Alby is angry at everyone and everything. He is reeling from the death of his mother from cancer and he can't do anything but lash out at others and the unfairness of the world. He is a nasty, angry, abusive young man who is clearly lost but unwilling and unable to find himself. He works several dead end jobs. Somehow he finds women willing to endure his brutishness and borderline misogyny and to go home with him. His family doesn't like him. Even his mother didn't seem to like him much before her death. But the bigger problem is that the reader doesn't like him either. Alby may be flailing, struggling with his future, and projecting a persona crafted by extreme grief, but he's crass and antagonistic and those two traits seem to stem from well before his mother's death, not just coming as a result of it.
The novel is told as a series of vignettes about his struggle with life and grief and understanding. It's first person narration is disjointed and random, a sort of stream of consciousness, and even from his own self-pitying, self-congratulatory perspective, he comes across as horrible from childhood onward. There was an occasional flash of humor but those flashes were so insubstantial compared to the rest of the distasteful portrayal as to be almost meaningless. Other reviewers have seen much more redemption in these pages than I did. Certainly people react to grief in various ways and this might be a very valid, if unpleasant way. While I guess I am glad I persevered to the end for this one because I managed to find a shred of sympathy for Alby on the last page, ultimately he wasn't a character with whom I really wanted to spend any time.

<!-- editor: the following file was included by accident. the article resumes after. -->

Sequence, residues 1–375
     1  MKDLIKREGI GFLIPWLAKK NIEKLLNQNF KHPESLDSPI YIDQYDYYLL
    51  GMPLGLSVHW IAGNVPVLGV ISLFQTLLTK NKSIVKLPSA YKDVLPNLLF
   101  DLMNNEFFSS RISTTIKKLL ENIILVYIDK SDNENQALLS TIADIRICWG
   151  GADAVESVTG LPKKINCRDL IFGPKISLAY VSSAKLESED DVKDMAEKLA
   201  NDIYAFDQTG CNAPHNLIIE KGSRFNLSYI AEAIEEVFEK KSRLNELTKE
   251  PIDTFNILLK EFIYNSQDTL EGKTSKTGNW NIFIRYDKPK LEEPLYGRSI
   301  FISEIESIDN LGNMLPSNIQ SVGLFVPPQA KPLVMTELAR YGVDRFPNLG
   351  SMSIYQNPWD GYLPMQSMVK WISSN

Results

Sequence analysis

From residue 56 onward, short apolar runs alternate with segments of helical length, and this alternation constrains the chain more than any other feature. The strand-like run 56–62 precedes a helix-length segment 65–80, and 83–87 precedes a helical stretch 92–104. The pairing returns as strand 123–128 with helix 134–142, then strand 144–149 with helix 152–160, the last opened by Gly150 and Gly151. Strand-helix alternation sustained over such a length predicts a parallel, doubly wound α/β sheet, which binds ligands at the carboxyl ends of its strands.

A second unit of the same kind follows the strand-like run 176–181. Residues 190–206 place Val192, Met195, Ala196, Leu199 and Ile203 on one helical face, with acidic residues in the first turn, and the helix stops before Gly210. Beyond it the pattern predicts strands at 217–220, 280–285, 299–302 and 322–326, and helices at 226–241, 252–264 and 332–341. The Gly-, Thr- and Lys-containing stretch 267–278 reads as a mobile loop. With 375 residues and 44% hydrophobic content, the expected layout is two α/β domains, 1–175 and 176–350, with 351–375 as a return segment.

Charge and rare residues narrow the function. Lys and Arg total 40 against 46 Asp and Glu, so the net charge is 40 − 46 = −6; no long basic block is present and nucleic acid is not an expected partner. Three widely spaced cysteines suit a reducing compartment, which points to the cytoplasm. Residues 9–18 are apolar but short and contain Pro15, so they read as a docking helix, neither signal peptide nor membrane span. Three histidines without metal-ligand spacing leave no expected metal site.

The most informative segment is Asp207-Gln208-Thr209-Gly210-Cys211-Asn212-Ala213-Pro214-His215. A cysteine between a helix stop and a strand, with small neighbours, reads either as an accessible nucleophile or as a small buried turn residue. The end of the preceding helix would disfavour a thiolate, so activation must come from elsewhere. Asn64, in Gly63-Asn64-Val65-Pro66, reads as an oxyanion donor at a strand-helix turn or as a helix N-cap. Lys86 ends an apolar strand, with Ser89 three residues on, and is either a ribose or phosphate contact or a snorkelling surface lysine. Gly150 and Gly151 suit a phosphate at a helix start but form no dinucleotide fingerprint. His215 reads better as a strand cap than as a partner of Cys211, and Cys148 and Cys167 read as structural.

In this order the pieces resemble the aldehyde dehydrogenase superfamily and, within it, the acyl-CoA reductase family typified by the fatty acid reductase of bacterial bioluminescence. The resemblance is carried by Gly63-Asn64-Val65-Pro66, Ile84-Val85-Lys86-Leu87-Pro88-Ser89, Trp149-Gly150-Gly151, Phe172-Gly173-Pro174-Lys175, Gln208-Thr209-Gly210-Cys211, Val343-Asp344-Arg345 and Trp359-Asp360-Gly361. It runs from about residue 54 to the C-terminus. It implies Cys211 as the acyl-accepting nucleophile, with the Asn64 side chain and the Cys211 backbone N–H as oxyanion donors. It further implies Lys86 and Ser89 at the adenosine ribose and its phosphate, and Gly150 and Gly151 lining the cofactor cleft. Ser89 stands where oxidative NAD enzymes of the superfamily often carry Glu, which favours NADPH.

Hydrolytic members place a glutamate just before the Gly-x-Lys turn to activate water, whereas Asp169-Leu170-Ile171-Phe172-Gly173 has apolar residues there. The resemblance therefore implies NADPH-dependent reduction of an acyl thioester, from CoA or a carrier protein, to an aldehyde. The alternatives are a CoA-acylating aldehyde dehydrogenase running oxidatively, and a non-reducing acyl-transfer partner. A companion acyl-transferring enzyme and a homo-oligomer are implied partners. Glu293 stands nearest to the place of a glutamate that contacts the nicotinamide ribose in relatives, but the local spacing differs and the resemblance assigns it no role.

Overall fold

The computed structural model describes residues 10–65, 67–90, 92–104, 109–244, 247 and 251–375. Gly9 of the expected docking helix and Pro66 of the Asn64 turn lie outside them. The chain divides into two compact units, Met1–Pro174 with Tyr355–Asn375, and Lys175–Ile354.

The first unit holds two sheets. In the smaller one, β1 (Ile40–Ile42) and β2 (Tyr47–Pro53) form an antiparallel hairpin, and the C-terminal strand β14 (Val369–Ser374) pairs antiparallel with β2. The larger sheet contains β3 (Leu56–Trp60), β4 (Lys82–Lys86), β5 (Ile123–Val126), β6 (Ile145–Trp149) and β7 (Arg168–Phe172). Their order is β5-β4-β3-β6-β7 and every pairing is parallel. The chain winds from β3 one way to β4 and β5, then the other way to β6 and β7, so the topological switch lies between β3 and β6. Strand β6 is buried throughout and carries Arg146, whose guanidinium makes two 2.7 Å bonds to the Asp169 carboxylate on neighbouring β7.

Thanks to the publisher for sending me a copy of this book for review.